11 December 2017
Nutrition in the Elementary School Setting
What children eat is essential to their development especially at such an early age. School lunches have changed throughout the years but in the US, specifically, they always tend to be frozen foods that have no nutritional value. Around the world you will see school lunches that have foods from all 5 food groups: fruits, vegetables, protein, grains, and dairy. The way we feed our children should be a top priority of ours because it affects the way the learn in class, and also for many children it may be the only meal they eat that day. According to Marilyn Briggs, writer for the Center of Ecoliteracy, “Poor diet and physical inactivity are responsible for as many premature deaths as is tobacco—more than 1,200 deaths a day”, that is just another reason why we need to make a change. This is a growing epidemic and we should find ways to make our children's school lunches healthier for them because it will benefit how they learn, and retain information and also make them overall happier.
Breakfast and lunch are the most important meals of the day and for students they are eaten at school. It is supposed to boosts their metabolism and give them enough energy to go about the rest of their day. But it's probably one of the biggest problems at many schools around the US. For one, children are advised to eat healthy and taught about the benefits of eating healthy but it is not always possible with the choices that are provided at in the schools around the country. Nutrition is important to people of all ages but especially for children whose brains are not fully developed because it helps their bodies and brains grow and develop into the way that they are supposed to. One way that we can create this change is by actually educating our children the benefits of eating healthy, what foods are good for them and also which foods are bad for them. But it does not stop there, there should be more programs in the school systems where students are given the opportunity to grow the fruits and vegetables that will be included in their school lunches. Not only will it encourage students to make healthier choices in school but it will teach them to take what they learn to a greater extent and do the same at home and spark a bigger change in their households.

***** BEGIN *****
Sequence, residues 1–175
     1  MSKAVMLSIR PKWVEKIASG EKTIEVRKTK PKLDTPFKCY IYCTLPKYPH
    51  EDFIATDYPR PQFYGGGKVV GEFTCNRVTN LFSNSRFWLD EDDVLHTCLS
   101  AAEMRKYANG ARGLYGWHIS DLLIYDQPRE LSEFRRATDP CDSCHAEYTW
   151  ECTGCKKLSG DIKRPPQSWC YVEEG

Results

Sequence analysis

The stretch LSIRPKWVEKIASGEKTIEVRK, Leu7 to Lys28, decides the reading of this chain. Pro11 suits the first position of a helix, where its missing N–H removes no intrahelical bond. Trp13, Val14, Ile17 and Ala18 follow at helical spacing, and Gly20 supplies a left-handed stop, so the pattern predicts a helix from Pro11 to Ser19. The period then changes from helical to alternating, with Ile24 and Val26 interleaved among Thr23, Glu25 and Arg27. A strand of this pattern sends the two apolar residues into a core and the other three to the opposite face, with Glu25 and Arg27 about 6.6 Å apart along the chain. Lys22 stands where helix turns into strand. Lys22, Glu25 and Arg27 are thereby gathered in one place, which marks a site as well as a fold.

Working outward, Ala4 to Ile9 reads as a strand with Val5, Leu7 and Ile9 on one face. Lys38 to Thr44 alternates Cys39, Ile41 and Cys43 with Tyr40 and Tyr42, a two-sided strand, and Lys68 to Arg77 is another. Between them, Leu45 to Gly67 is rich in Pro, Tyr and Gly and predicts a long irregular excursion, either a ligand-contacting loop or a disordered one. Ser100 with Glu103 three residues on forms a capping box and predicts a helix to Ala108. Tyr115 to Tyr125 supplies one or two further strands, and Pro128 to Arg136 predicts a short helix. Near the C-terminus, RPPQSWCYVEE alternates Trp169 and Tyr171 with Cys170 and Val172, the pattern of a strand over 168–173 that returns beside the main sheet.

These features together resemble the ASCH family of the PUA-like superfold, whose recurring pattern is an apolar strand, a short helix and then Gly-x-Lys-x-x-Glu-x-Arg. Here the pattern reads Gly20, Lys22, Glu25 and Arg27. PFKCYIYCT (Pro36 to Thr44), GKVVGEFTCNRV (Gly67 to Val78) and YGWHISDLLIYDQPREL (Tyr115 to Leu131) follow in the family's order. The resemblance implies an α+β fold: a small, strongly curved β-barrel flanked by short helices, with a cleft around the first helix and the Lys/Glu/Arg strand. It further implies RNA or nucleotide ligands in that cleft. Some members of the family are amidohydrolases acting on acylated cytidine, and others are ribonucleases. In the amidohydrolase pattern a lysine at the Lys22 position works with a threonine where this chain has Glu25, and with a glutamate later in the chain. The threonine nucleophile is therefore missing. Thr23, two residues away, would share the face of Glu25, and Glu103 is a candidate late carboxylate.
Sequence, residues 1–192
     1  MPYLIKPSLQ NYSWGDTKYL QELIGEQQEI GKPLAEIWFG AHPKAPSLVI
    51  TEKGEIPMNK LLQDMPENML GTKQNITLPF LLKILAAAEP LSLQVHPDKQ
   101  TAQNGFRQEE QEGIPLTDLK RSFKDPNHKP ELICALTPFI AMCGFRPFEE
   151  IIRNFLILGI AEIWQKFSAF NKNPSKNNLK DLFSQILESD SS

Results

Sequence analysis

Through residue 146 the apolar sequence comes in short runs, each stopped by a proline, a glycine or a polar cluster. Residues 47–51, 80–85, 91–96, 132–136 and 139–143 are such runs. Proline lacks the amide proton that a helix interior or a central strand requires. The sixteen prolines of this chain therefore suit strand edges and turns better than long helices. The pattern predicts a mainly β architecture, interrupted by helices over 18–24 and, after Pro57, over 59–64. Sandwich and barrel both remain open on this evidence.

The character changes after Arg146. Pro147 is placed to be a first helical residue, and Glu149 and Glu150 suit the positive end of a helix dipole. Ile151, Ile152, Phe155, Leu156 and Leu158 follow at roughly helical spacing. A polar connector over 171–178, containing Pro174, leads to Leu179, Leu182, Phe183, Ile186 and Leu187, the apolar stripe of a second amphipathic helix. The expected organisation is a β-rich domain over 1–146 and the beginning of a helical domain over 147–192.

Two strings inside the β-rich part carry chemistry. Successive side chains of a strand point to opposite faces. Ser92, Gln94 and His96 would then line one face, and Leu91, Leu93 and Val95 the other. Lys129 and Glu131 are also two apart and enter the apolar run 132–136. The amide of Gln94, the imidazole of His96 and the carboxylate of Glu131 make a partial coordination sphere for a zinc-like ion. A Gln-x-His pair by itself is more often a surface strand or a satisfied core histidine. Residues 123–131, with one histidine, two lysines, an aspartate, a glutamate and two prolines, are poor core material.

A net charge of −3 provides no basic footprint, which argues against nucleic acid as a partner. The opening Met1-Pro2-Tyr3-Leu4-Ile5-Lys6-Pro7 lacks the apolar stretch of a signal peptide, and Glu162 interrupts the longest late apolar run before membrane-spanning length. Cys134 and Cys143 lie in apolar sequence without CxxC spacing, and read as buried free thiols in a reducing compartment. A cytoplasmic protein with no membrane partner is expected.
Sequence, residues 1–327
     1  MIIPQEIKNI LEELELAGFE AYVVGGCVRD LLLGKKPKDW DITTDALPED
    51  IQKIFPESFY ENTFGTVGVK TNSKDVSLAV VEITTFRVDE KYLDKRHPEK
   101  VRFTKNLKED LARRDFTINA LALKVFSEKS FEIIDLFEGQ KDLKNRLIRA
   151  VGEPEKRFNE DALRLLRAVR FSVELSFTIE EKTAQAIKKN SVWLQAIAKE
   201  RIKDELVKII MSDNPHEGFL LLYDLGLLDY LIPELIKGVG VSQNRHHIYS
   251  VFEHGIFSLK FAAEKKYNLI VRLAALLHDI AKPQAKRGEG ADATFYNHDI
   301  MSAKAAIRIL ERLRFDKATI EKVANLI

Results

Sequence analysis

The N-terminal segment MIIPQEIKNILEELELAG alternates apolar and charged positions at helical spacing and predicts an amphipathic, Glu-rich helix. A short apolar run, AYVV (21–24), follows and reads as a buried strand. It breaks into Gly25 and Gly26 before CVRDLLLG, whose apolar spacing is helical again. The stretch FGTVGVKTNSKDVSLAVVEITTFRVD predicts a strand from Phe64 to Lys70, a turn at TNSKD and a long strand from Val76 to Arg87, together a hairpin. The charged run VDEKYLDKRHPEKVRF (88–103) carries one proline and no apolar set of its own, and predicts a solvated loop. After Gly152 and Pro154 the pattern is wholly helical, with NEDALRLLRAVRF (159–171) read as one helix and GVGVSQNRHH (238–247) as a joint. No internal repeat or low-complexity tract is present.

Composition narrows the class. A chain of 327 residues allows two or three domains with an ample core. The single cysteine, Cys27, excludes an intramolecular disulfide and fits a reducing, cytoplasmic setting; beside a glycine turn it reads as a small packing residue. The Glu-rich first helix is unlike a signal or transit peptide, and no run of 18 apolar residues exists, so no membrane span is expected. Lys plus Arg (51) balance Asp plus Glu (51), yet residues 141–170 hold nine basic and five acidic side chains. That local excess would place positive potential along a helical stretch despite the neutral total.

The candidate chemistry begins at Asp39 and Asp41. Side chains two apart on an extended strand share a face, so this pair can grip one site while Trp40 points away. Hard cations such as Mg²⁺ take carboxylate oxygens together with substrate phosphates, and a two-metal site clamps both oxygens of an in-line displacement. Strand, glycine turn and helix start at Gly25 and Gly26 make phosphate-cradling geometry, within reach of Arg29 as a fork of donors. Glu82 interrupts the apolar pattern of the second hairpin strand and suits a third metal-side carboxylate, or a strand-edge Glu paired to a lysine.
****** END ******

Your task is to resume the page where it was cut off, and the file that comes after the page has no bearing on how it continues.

As Michael Pollan writes in “The Omnivore's Dilemma A Natural History of Four Meals”, traditional farming practices in which there is no waste being made because he grows grains, fruits, and vegetables that both animals and humans can eat. Pollan’s essay encourages readers to have serious doubts about industrial agriculture and processed food, and he believes that there is no need to take of the extra steps when there is a simpler and more organic way to farm. This contributes to my thought because if there were more gardens in homes as well as in schools people would have more fruits and vegetables in their diets and become overall healthi...